The first key point I want to make them with regard to lecturing is that the image of the professor as lecturer and that is it is out-dated. It is a sign of someone who actually has had little experience with post-secondary education today and has not bothered to ask either students or faculty about what actually goes on in the classroom.
The second key point I want to make is that lectures are time consuming to create. They are not -- or, should not be -- a person standing at the front of the room using worn notes from a decade ago to repeat the same thing that they said last year and the year before and the year before. That does happen. Most of the people I know who lectured that way (particularly in History and Political Science, the disciplines that Gwyn, ironically, likes) retired some time ago. That was one of the ways I was taught when I was an undergraduate student in the 1980s. I found it boring. I think the guy at the front of the room lecturing found it boring. It was what happened them. It is not -- by and large -- any more.
Again, I can use myself as an example but any of my colleagues will support what I am saying. Lectures are some of the craft. They often involve multi-media (I use maps, stats, cartoons and artwork as well as occasional video clips). They don't just begin, but rather begin with objectives: "here is what we are going to talk about." They include periodic breaks for brainstorming or discussion (I do try to limit this to one time per lecture because I don't want it to get old). They might also include key words or concepts, alternative perspectives on issues under discussion (so that students don't have to copy what I am saying), extra readings so that students can follow up issues in which they are interested, and conclusions that hit the highlights and key points for students so they can review notes to know if they have "got it."
A good lecture can take a long time to put together. My intro lectures take a few hours because they are subjects about which I have been teaching for a long time and because I know my subject. The time is usually taken up review my notes, thinking through communicative problems I might have had last year, and looking for current examples from the news with which students might be familiar (for instance, if I am talking about environmental policy, I might talk about ... say, the tar sands where I used to use the cod crisis). You can, however, do the math. Imagine that I need to give, say three lectures per week during the school year. I have now already used up nine hours time just getting these three lectures (on subjects I know well) and I have not even gone in the classroom.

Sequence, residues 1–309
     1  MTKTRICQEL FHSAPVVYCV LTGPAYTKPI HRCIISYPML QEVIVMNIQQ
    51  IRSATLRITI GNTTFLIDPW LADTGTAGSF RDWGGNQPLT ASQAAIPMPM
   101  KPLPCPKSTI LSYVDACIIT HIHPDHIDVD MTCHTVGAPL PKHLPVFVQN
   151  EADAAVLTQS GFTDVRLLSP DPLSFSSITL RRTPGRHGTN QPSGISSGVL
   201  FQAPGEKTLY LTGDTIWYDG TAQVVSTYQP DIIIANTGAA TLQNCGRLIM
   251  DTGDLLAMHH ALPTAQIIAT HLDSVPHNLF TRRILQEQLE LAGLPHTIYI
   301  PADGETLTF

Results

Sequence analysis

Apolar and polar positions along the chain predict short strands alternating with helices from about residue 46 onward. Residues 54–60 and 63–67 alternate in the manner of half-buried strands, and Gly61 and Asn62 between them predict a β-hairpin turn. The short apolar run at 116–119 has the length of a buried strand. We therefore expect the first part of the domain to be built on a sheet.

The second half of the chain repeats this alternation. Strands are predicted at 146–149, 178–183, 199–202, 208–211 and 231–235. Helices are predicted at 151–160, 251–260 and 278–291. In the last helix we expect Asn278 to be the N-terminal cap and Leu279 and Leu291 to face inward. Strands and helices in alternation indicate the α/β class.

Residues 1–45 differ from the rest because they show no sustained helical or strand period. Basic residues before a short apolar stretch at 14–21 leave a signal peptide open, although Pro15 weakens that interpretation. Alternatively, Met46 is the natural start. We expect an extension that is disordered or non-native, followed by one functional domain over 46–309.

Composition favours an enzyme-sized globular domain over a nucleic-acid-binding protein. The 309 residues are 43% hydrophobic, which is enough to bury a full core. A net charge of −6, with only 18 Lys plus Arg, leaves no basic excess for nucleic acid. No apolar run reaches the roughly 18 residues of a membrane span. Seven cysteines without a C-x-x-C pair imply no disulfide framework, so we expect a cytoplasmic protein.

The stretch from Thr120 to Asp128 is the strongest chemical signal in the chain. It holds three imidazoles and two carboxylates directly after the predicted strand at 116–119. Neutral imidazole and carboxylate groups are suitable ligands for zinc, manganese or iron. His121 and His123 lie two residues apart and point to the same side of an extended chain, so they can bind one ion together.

Occasionally, however, a lecture can take a very long time to put together. Every once in a while -- usually once or twice a semester -- one needs to teach a subject with which one is less than familiar. How could this happen? Well ... that is a good question. I teach at Mount Allison University and the truth of the matter (as I noted above) is that there is only so much money that can be put into education. I don't make the decisions about staffing. They are made by someone else who is at a higher pay grade than me and I live with me. What this means is that those of us who run academic units don't always have the instructors we would like to have -- the expert who would be Grade A in the class on that particular subject. There is nothing horrible about this. It happens (sometimes people are on sabbatical, for instance or ill.) And, the general subject might be one with which I (or, some other faculty member) am familiar. The problem is the details. And, there are other obligations. Sometime a course needs to be taught because it is important to what students are learning in their major. A couple of years ago, I had to teach a course that I had never taught before: Regionalism. Clearly an important course in Canadian Studies. It needed to be taught; there was no one else to teach it ... I taught it.
The result was that the lecture took longer to put together than they do for, say, my intro course. That is fair enough, too. Instead of three hours, I might have been spending six, checking facts, looking over scholarship that I had read but not thought of in terms of a course, reading over census data, or looking up information on regional cultural traditions that I knew existed but now needed to be able to explain to others. One lecture, however, was, for me, a real show-stopped. It was on a subject that was important to regionalism and involved some scholarship I'd read in passing over the years but my reading was enough to know that it was important and I needed to teach it so that the course addressed an important subject. It took my 19 hours to put that lecture together. And, to be honest, I was quite proud of it. You can, I am sure, see my point. Even if one is lecturing ... lectures are not just standing up and talking off the top of your head. They are serious modes of educational engagement that use diverse media and, when taken seriously, are remarkably time consuming. The students who go this lecture got a 1.5 hour lecture; disguised in that were the 19 hours that I had put in to get ready for it.
Why tell this story ... in part so that people know what a lecture is all about. If the lectures you have received seem more like the old-fashioned ones I got in the 1980s ... I am sorry about that. In my classes and among my colleagues, however, I can assure you that we work to set a high bar. We strive to be accurate and current (both in terms of information and scholarship) to provide data to students, and to raise important issues even if we need to devote considerable time to them. Lecturing, in other words, is about much more than what happens in front of the classroom for an hour or an hour and a half.